They Had Done It. Themselves.
Dear Friends -
Otis could barely carry his bag a step further. It was loaded with the seven apples he had just picked from the orchard at Meadowbrook Farm, and we were starting up the small hill that led to the picnic area. “Dad,” he said, “I need you to carry the bag.” I nearly reached to grab it from him when I remembered the rule that I myself had explained earlier to the other Randolph parents who had accompanied the children on our trip. The rule was this: Please do not help your children with their bags, and ask them to only pick as many apples as they can carry themselves. Even at our first big family event, we are trying to help our kids develop their sense of independence, autonomy, and their ability to judge their own capacities. I bent down to talk to Otis. “Buddy, we are so close. Do you want to put the bag down to rest? Switch hands?” He looked at me for a second and then shifted the bag up into his arms like a baby and continued on.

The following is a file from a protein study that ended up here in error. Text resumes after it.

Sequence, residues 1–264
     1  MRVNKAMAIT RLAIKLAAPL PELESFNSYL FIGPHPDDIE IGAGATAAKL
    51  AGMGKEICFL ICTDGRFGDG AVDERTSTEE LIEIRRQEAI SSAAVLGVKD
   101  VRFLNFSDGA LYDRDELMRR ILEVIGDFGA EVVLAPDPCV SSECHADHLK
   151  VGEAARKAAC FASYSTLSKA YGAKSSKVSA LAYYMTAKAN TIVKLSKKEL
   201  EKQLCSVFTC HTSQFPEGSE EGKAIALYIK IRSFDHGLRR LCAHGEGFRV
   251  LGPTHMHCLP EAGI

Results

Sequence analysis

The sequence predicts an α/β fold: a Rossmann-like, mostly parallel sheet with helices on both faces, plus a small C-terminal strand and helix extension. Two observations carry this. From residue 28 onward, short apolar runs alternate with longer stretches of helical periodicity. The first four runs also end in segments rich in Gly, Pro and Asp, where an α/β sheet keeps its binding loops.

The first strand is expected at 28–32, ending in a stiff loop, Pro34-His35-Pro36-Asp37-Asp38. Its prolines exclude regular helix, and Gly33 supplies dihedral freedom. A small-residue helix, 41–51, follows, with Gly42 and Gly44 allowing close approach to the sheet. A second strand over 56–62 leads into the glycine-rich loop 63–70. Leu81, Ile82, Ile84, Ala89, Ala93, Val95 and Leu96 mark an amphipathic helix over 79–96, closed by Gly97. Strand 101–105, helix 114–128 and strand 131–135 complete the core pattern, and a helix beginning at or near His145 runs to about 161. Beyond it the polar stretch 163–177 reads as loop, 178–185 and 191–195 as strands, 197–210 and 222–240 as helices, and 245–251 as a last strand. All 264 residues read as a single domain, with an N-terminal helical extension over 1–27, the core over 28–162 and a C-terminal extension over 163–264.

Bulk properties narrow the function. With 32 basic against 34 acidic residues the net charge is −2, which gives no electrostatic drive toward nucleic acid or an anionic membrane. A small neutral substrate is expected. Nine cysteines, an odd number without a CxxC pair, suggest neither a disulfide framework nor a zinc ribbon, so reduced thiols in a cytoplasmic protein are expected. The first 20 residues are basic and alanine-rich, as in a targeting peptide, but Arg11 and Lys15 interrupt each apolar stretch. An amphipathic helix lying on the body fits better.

At the top of the hill, as we waited for doughnuts and apple cider, I said “Otis, I noticed you figured out a way to carry that heavy bag all the way from the orchard.” He looked up at me, smiled, and ran off to sit with his friends while I watched a series of our young Downstairs children come around the corner, each of them figuring out a different strategy for carrying their load of apples. I saw apple bags dragged (adorably) like a sled, flung over shoulders, repeatedly set down and picked up, and switched from hand to hand. They all made it to the top of the hill, without much fanfare, and settled into the delicious snack that awaited them. They had done it. Themselves.